Pears are delicious to eat but more difficult to grow than apples and not the easiest sell to consumers.
"Pears are more expensive to grow than apples and the trees take longer to mature," explains Sarah Calcutt, Operations Director at English Apples and Pears. "It’s a bigger investment with a slower return. But there is starting to be a resurgence."
Calcutt explains that there is an issue with consumer age, too. We tend to feed pears to babies and return to them when we are in later life but "there is a dip of consumption in the middle".
A key message to the public is how to store them. Pears, unlike apples, need a couple of days at room temperature to fully ripen. So store some in the fridge, ideally wrapped in a paper bag to reduce dehydration, and take out a couple at a time to ripen.
Top grower Edward Newling agrees: "It's a difficult one to get people to eat. An apple is a less messy fruit ... A pear can be very juicy and lovely but it's not the sort of thing you eat on the go."
- There are around 3,000 varieties of pear around the world. The fruit is in the family Rosaceae in the genus Pyrus.
- Back in the early 18th Century, pears had the nickname of "butter fruit" on account of their texture.
- Prior to the introduction of tobacco, people used to smoke pear leaves.
- In China, it is considered bad luck to share a pear as it might suggest separation from your friends and family.
- The skin of the pear holds three to four times more nutrients than the flesh. This includes plenty of fibre, potassium and flavonoids, which are beneficial for the nervous system.
- Asian pears (pictured below) are also sold on the Market. Botanically speaking, these are an entirely different fruit.
Growing and harvesting
Top grower Edward Newling produces around 1,600 tonnes per year at his 120 hectare farm in Cambridgeshire. Main varieties are Conference, with some Comice and Migo, a new variety. ("It's almost like an apple texture rather than a pear texture which can be a bit gritty.")
These days, growers of both apples and pears grow the trees very closely together - nearly 3,000 trees per hectare. First commercial crops typically come in three years, with a small crop in year two. (The picture below shows fruitlets in May).
Tree shape can be a twin stem, with each stem around 75cm apart. Or single stems at 80cm apart. ("That's one tree, running straight up to about three metres, with small cropping units or branches coming off that three metre length of tree.")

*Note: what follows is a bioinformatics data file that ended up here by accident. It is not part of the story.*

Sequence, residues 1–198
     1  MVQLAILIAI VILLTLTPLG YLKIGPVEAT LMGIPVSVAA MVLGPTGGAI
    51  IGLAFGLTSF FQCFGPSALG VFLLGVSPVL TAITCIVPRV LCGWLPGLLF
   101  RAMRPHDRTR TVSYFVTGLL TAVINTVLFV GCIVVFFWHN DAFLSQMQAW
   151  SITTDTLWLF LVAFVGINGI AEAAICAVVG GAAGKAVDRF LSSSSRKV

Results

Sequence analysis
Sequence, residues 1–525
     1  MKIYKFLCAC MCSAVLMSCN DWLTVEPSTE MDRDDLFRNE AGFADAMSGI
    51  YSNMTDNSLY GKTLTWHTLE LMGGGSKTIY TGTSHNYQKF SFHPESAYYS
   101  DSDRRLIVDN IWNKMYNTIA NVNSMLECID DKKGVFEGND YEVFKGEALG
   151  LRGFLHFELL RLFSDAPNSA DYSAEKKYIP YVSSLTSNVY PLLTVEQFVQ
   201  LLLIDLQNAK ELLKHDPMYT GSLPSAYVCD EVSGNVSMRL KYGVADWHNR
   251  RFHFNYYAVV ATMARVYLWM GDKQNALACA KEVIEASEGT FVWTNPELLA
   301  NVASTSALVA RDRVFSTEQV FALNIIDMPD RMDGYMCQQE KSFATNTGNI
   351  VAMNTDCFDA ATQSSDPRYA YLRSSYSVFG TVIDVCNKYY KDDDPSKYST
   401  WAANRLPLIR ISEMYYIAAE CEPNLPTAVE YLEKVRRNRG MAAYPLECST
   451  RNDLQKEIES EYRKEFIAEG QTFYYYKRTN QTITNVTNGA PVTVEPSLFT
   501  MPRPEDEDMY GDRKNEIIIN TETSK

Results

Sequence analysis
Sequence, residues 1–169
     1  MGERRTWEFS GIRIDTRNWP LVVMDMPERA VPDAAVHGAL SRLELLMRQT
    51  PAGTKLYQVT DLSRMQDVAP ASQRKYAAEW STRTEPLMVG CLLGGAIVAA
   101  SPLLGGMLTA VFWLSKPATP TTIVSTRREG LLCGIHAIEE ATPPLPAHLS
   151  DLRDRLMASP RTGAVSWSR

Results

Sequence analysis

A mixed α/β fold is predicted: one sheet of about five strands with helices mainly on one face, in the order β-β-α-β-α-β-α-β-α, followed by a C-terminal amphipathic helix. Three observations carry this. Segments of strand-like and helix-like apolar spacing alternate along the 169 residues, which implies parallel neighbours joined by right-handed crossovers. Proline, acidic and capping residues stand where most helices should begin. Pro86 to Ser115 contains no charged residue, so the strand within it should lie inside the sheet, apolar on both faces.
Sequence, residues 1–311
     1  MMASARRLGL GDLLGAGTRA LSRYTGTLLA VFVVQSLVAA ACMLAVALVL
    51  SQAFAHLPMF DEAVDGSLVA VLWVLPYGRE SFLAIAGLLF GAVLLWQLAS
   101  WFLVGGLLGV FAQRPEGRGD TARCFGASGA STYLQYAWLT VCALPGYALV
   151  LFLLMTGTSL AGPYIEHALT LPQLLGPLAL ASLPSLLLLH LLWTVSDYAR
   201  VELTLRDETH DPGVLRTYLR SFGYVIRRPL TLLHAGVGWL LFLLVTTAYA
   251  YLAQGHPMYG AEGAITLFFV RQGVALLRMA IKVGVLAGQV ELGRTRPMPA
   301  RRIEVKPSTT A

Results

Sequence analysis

A key priority for growers is developing systems that rely on less skilled labour to build and maintain the tree as this keeps costs down.
Here is an image of four year old Conference trees on a wire and trellis system.
Pears are not as high yielding as apples. "In my opinion, apples are a much easier and straightforward crop to grow."
Some growers also cultivate pears for brandy and eau de vie. The Somerset Cider Brandy Company, for example, grow rare varieties of perry pear. This picture below shows them preparing the harvest for distillation.
They explain that it takes 5 times more pears than shown in the picture - 7 tonnes - to fill one small 500 litre barrel of pear eau de vie!
In the Market
You will find that most wholesalers on the Market sell pears- both British-grown and from around the world.
At time of writing, chefs in London using pears on the menu include the below:
- Brown bread ice cream with salted butter caramel, pear and malted yeast syrup at Dinner by Heston.
- Ginger cake with poached pear and crème fraiche at The Drapers Arms in Islington.
- Duck and celeriac tartlet with duck liver parfait, pears and port at Chez Bruce in Clapham.
Want a fancy take on pears? How about this dish from chef Antonio di Padova, paoched in Chianti with Valrhona chocolate and hazlenuts.
Dehydrated pears are also a favourite with patisserie chefs and mixologists. This shows the process from @localeriga.
Poaching pears is always a classic (photo credit: ladyjo_tasmania).
Here are the pears poached (credit: rufoodie, photographer Vadim Piskarev, food stylist Anna Bushueva)